Not long ago I posted a video of a lecture by Temple Grandin. Temple is autistic, a designer of livestock handling facilities and a Professor of Animal Science at Colorado State University. She is an icon in the Autistic Community. Her life has been a beacon and an inspirational story and recently her story was told in a biopic produced by HBO. She is the author of several books on autism and the autistic spectrum.
Yesterday I came across this amazing one-on-one interview with Temple. The video is a re-broadcast of an hour long intimate discussion with Temple about her life, her work and her journey with autism. If you are at all interested in the area of ASD you will want to watch this!
Related articles by Zemanta
I came across this fascinating lecture by Temple Grandin. Enjoy!
Vodpod videos no longer available.
Music affects all of us, and we can attest to it’s appeal to our emotions. Now researchers have developed a program designed to help children with ASD better understand emotions, and learn to recognize emotions in other people.
The children use a method of music education known as the Orff-Schulwerk (schulwerk is German for schooling) approach, which was developed by 20th-century German composer Carl Orff. This approach to music learning uses movement and is based on things that kids intuitively like to do, such as sing, chant rhymes, clap, dance and keep a beat or play a rhythm on anything near at hand.
The 12-week program uses elements from the Orff method — including games, instruments and teamwork — and combines them with musical games. The idea is to pair emotional musical excerpts with matching displays of social emotion (happy with happy, sad with sad, etc.) in a social, interactive setting.
Istvan Molnar-Szakacs, a researcher at the UCLA Tennenbaum Center for the Biology of Creativity and member of the of the Help Group–UCLA Autism Research Alliance, stated, “The purpose of this work is to provide a means for awakening the potential in every child for being ‘musical’ — that is, to be able to understand and use music and movement as forms of expression and, through that, to develop a recognition and understanding of emotions.”
Molnar-Szakacs also said that participating in musical activities has the potential to scaffold and enhance all other learning and development, from timing and language to social skills. “Beyond these more concrete intellectual benefits, the extraordinary power of music to trigger memories and emotions and join us together as an emotional, empathic and compassionate humanity are invaluable”
The goal of the research is to evaluate the effect of the music education program on outcomes in social communication and emotional functioning, as well as the children’s musical development.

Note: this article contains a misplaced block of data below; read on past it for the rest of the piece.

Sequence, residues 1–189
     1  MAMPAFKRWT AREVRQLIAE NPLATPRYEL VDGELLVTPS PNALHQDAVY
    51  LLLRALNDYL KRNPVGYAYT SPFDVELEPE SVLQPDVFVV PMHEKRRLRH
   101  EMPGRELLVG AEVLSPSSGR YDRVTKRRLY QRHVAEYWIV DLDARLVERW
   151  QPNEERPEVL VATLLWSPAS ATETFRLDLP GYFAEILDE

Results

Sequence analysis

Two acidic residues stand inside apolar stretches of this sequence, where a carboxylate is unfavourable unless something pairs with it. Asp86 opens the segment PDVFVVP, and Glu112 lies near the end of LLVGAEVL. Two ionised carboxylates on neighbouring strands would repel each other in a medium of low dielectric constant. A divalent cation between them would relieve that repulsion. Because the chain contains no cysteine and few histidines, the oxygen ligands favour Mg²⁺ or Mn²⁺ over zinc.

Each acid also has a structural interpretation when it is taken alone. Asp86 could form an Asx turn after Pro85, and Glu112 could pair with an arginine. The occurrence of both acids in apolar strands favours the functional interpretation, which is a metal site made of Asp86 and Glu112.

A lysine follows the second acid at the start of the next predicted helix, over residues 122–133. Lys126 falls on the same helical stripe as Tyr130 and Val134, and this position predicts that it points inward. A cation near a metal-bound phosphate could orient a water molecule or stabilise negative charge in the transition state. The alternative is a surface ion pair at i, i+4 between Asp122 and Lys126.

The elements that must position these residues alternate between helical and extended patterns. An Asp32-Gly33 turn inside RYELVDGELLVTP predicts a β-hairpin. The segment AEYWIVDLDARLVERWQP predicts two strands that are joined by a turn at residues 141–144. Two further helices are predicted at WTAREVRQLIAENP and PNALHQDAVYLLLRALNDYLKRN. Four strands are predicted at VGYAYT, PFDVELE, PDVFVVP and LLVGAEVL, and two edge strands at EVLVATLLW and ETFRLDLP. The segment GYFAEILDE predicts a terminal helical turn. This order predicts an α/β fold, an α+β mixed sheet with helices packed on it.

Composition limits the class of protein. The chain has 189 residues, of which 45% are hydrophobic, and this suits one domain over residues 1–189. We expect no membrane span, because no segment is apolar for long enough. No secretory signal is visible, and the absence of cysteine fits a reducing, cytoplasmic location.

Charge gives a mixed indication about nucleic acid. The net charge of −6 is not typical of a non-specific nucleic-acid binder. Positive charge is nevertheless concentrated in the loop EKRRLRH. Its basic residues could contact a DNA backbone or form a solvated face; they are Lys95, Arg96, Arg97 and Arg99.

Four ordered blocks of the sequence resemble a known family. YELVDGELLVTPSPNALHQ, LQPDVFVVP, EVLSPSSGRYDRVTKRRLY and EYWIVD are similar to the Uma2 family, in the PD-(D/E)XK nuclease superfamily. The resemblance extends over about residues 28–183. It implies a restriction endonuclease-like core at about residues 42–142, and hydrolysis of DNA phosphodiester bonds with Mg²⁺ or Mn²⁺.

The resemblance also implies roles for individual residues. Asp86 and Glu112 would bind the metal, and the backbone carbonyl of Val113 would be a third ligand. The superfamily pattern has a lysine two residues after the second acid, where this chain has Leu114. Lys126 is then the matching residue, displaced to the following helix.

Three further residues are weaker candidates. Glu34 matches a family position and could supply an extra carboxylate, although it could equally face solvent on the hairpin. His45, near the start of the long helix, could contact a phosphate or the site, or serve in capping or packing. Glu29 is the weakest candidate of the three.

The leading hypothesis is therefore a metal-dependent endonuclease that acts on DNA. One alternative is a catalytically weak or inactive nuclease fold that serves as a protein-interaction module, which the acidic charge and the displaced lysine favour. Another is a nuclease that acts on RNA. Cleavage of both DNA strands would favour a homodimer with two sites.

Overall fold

I am constantly delighted and enthralled by the children, young people and adults with ASD with whom I have the opportunity to work. There is a frankness and depth in these conversations that blows my socks off just about every time we get together.
Here are some of the ASD resources that I use and recommend to my clients and patients as well as my colleagues.
This is not an exhaustive list by any means, but rather some of those I have found most useful or been described as most helpful. Please have a look and see if you think they may be of use to you or someone you know. There are others listed in my “Highly Recommended Books and Resources” Link to the right of this page.
and there are so many others! I’m just realising that this is an entire post topic in itself. Stay tuned. Any others you like” Any questions? Leave a comment!
HBO’s Biopic Temple Grandin is in post production according to imdb.com. This is one biographical movie that will be a” must see” for me.
Autistic Dr. Temple Grandin, a designer of livestock handling facilities and a Professor of Animal Science at Colorado State University, is an icon in the Autistic Community. Her life has been a beacon and an inspirational story and after a long negotiation is getting her biography brought to HBO. Claire stars as Grandin in the film which is finally in post production after nine years in the making. Claire Danes may be known to you as Angela Chase in the 1992-94 pioneering TV drama series “My So Called Life.” Who better to play Autistic Temple Grandin from her high school years to her post academic period?
Temple Grandin obtained her B.A. at Franklin Pierce College and her M.S. in Animal Science at Arizona State University. Dr. Grandin received her PhD in Animal Science from the University of Illinois in 1989. Today she teaches courses on livestock behavior and facility design at Colorado State University and consults with the livestock industry on facility design, livestock handling, and animal welfare.
Grandin has written a variety of autism books, such as Thinking in Pictures,My Life with Autism